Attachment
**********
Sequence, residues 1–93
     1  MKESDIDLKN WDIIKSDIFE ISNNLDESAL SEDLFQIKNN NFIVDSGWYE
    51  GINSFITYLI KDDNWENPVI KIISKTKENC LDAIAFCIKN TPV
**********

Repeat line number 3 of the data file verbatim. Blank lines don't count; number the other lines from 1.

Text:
    51  GINSFITYLI KDDNWENPVI KIISKTKENC LDAIAFCIKN TPV